See that image up there? That is one annoyed looking cat. Looks as if someone took away his toy or threatened him with a bath. That’s the same look I exhibit when someone comes complaining to me.
But hey, it comes with the guild leader territory.
Listening to complaints. It probably takes up around 15% of communications.
(Actually, file that post idea away. “Percentage of matters that occupy guild leader time”).
Most of the time, it’s just hot hair or someone wants to get something off their chest. Generally, complainers aren’t really taken seriously. But y’know? Every so often, there’s a legitimately dissatisfied player.
If you really want to lodge a solid complaint, you need to identify if what you want is an actual change or you just want to vent.
Too often in guilds, players are exposed to people complaining about something.
Maybe it’s someone’s performance.
It could be their lack of attendance.
Perhaps the raid just takes too long to get going.
You know, if you’re looking to secure some kind of change in policy or the way things are done, then effective complaining is called for. If it’s for the second reason (emotional comfort), then really, all you’re looking for is someone to listen to you.
My advice? If you’re going to complain because you want something done differently, figure out exactly what your end game is. The most ineffective complaint is the one where there’s no objective.
What is the end result of your complaint?
Here’s some examples:
- Consistent faster pulls
- Less off-topic discussion during raid
- More booze during break
Once you figure out the outcome, identify the person capable of delivering it. You don’t harass the Warrior if you don’t have any food or water, right?
If I’m on the receiving end of a complaint, I instinctively put up walls because I know what’s coming. Being conscious of this, when I’m lodging a complaint to others (a legitimate one, mind you), I make an effort to be calm and polite.*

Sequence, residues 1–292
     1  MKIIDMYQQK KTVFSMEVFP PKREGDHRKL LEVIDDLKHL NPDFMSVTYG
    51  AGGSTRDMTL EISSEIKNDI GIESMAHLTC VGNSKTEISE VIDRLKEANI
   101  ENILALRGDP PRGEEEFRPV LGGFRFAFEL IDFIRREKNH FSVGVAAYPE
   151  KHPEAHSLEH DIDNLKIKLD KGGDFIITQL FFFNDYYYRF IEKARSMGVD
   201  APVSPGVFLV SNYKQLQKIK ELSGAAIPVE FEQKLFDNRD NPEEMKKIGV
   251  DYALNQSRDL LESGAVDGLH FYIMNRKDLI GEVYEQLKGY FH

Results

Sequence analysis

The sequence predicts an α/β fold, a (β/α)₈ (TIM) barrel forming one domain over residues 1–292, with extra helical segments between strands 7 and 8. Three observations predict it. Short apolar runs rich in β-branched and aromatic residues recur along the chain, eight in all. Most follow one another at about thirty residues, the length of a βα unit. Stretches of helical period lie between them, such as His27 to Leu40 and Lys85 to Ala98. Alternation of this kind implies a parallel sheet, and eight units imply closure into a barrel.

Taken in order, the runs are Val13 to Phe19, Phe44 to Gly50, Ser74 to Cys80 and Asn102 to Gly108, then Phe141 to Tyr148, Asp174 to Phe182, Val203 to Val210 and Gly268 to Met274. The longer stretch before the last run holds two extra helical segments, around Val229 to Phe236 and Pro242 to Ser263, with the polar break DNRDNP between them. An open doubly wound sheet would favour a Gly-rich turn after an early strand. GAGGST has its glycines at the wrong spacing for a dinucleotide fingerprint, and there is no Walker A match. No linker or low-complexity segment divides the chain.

Ask yourself this.
Are you looking for results or the satisfaction of being right?
* My friends have picked up on this. When they notice I‘m super extra nice, they immediately get suspicious.
When following through with your complaint, start off with a cushion. This is a statement that prevents your target from feeling that they’re being attacked. Follow it up the meat and potatoes which contains the concern that you want resolved. Then finalize it with a statement proving that you’re not crazy or insane. You want that statement to prove that you are a reasonable person who would greatly benefit from the assistance.
Here’s a fictitious example:
Problem: Concerned about excess, off-topic chatter during a raid.
Solution: Additional focus on the encounters that matter
I appreciate the hard work and energy you expend running the raid. Our raid group is an energetic and talkative bunch of players. Can we get them to tone it down during progression boss encounters? The raid would proceed much smoother and efficiently allowing us to get out earlier and awarding everyone precious relaxation time.
Bonus: They get to socialize in a less pressured environment.”
Let’s break it down.
I appreciate the hard work and energy you expend running the raid.
Jarvis is the raid leader. This guy puts up with just about everything and is the linchpin. He might not get too many pats on the back but this is your way of recognizing the little things he’s doing.
Our raid group is an energetic and talkative bunch of players.
You’re reframing and putting a positive spin on the problem. The raid tends to discuss stuff that’s not relevant to what’s going on. This could be due to excess energy or a lack of focus. But, hey, you don’t really know the root cause. Maybe they’re just hyper from all the gummy bears.
Can we get them to tone it down during progression encounters?
Now we’re getting to what you really want. For the sake of your sanity and to prevent yourself from verbally destroying someone, you’re asking the boss if he can do something to calm players down. Maybe all they need is a firm reminder. Who knows? You don’t care how it’s done as long as it’s done. I will add that it’s a nice touch to offer a solution or two that you feel might work.
The raid would proceed much smoother and efficiently allowing us to get out earlier and awarding everyone precious relaxation time.
This is where you appeal to the rewards section. As my uncle Lawrence Reciprocicus always asks when someone calls on him for a favor, “What’s in it for me?”
You want to offer something mutually beneficial that your target would appreciate. In this case, a smoother raid and an earlier clear time.
Now the next time you feel the urge to throttle someone or want to stab a pen through your raid’s eyes, consider voicing your concerns to your leaders first. You gotta do it with discipline and serenity! Violence is never the answer!